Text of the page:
Aunique combination of developments laid the groundwork for a new intellectual configuration in the France of the 1970s. The ebbing of the leftist surge of the 1960s; the advance of a liberalized consumer economy amid an international capitalist recession; the prospect of a ps–pc Union of the Left, and possibility of Communists in government; signs of a renewed Cold War against a backdrop of revolutionary advances in Africa and Asia: these were components of a new social and political order. The advent of post-structuralism and deconstructionism has generated a vast literature, with ramifications still felt—for better or worse—to this day. In what follows, I will argue that another, less noticed outcome of this conjuncture was a marked turn toward the anthropological in French thought, which involved a systematic rethinking of politics and social relations from a kind of point zero.
By engaging in anthropological speculation, a number of thinkers in France raised questions that had been either ignored or underdeveloped by earlier intellectual movements. Their considerations of the sacred, the religious and the political—here considered from an anthropological vantage point—enabled these thinkers to comprehend anew the role of politics and history in contemporary life. Intellectually, the ‘anthropological turn’ often overlapped with adjacent movements—its ancestors, existentialism and structuralism, but also its siblings, post-modernism, post-structuralism and neo-humanism. Nevertheless, it had its own set of parameters, themes and logics. As evidence for its character and breadth, I offer a systematic exploration of the work of four thinkers: Alain de Benoist, Marcel Gauchet, Emmanuel Todd and Régis Debray, who span the ideological spectrum from right to left. Treated separately, each thinker can be seen to work through a set of problems delivered up by the multiple crises of the 1970s, producing in response a novel political-anthropological system by the early 80s. Considered together, this unlikely quartet of figures reveals a remarkable uniformity of trajectory. Their visions of a new political order were not always coherent or attractive, but they indicate new ways of thinking through impasses whose logic has been imperfectly understood.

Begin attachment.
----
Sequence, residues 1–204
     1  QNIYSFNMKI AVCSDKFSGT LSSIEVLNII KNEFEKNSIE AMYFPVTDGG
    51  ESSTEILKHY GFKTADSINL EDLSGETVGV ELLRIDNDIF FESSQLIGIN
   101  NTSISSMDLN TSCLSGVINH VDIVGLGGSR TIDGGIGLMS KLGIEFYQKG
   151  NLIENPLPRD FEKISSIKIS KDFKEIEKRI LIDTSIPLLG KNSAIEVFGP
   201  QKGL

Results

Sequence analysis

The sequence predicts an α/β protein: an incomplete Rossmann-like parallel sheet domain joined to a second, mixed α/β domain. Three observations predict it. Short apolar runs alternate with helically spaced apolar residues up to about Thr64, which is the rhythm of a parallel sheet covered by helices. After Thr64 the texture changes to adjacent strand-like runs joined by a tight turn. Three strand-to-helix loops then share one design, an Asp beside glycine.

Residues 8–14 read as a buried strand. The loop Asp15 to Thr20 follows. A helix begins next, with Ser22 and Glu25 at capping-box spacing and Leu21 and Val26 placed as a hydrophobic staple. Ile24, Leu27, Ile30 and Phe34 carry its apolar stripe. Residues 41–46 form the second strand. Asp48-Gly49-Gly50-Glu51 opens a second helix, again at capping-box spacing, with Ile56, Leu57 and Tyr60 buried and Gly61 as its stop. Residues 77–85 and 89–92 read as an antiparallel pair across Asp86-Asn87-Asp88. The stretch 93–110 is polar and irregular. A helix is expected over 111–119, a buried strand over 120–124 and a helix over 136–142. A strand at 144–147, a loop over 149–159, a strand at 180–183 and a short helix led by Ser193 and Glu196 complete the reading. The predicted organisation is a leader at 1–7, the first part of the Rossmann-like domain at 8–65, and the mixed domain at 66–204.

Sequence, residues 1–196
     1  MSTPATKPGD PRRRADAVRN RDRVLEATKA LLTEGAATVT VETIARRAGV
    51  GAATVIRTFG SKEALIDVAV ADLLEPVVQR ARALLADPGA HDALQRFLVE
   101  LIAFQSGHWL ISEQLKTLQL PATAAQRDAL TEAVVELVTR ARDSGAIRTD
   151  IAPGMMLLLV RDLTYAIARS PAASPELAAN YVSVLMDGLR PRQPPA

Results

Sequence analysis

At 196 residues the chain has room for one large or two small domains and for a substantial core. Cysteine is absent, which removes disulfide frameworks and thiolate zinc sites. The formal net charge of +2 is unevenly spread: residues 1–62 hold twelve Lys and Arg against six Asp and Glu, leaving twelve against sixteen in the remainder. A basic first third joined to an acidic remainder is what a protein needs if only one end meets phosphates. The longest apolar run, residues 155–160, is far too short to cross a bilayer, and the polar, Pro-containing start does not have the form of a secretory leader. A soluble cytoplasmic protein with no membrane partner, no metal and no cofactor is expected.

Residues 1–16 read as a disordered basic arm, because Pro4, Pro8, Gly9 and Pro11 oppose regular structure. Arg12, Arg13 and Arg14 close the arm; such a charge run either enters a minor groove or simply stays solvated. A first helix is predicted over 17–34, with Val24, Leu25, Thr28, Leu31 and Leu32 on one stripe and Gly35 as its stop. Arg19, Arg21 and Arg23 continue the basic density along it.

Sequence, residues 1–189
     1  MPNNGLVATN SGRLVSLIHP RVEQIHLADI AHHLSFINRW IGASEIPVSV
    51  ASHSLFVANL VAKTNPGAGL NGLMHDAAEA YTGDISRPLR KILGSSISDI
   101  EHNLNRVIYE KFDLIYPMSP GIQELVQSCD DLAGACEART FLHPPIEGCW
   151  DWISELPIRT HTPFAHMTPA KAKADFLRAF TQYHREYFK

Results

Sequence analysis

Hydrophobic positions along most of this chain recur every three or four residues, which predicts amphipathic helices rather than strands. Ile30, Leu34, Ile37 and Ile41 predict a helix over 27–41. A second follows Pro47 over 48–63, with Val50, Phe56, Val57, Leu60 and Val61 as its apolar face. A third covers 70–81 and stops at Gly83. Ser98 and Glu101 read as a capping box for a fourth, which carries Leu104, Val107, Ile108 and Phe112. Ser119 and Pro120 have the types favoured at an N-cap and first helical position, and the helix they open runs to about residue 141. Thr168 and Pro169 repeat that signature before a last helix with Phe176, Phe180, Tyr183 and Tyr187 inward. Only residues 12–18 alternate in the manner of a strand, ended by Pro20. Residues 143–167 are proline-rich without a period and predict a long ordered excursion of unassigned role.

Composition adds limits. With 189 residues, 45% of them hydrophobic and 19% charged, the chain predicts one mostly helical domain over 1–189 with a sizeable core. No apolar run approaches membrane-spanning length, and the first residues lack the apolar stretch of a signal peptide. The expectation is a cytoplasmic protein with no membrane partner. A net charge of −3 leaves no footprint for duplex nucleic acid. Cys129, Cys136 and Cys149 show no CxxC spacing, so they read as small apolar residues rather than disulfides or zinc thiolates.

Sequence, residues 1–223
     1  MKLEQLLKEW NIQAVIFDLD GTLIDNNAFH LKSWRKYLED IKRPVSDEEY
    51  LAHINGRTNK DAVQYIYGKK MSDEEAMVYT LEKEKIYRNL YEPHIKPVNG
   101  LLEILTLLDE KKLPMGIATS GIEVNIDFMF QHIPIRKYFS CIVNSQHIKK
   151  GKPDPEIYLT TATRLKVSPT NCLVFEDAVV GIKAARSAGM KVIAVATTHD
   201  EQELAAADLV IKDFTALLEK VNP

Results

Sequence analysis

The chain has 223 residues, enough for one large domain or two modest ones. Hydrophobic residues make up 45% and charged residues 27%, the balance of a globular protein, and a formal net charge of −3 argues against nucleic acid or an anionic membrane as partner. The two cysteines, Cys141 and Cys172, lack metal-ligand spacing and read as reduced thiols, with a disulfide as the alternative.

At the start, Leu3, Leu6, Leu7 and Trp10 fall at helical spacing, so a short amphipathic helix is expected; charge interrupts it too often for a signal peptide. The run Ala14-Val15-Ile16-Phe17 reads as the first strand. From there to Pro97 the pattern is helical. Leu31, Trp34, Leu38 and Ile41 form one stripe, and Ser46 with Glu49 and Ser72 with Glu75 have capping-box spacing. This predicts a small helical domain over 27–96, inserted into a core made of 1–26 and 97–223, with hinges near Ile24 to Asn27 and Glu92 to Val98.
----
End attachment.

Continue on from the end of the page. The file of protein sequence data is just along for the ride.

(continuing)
Alain de Benoist, born in 1943, came from a conservative, petty-bourgeois family in the Loire Valley. His father moved the household to Paris in 1950, and later took a summer house in Dreux, future epicentre of Le Pen’s Front National. There, Benoist made contact with veteran figures of the interwar extreme right, and was invited to contribute small articles, as a teenager, to its assorted journals. This brought him into the milieu of young militant counter-revolutionaries fighting to keep Algeria French. Benoist quit his studies in law and philosophy at the Sorbonne to become a full-time journalist and militant. After spending most of the 60s writing for the far-right press—Cahiers universitaires and Europe-Action, both proudly ultra-nationalist and racist—Benoist decided at the end of 1967 to abandon his nationalist-militant agenda for an intellectualized politics—‘a Gramscianism of the Right’, he would later call it. Pulling together friends and sympathizers, Benoist founded the New Right and launched the first issue of its maiden journal, Nouvelle école, in 1968. The movement has been committed to a philosophy of cultural essentialism, pitched as an anti-racist ethno-pluralism. Its politics are typically anti-interventionist—Benoist opposing all the recent wars—and anti-statist—Benoist preferring ‘federalist’ solutions to problems created by a Jacobinist state. A collection of his journalistic writings, Vu de droite, appeared in 1977 and showed an impressive range of interests, from Norse mythology to modern physics, winning the Académie Française’s book prize. Benoist’s next book, Les idées à l’endroit (1979), assembled in the wake of a media frenzy around the ‘fascist temptations’ of the New Right, provided the most cogent statement of his views.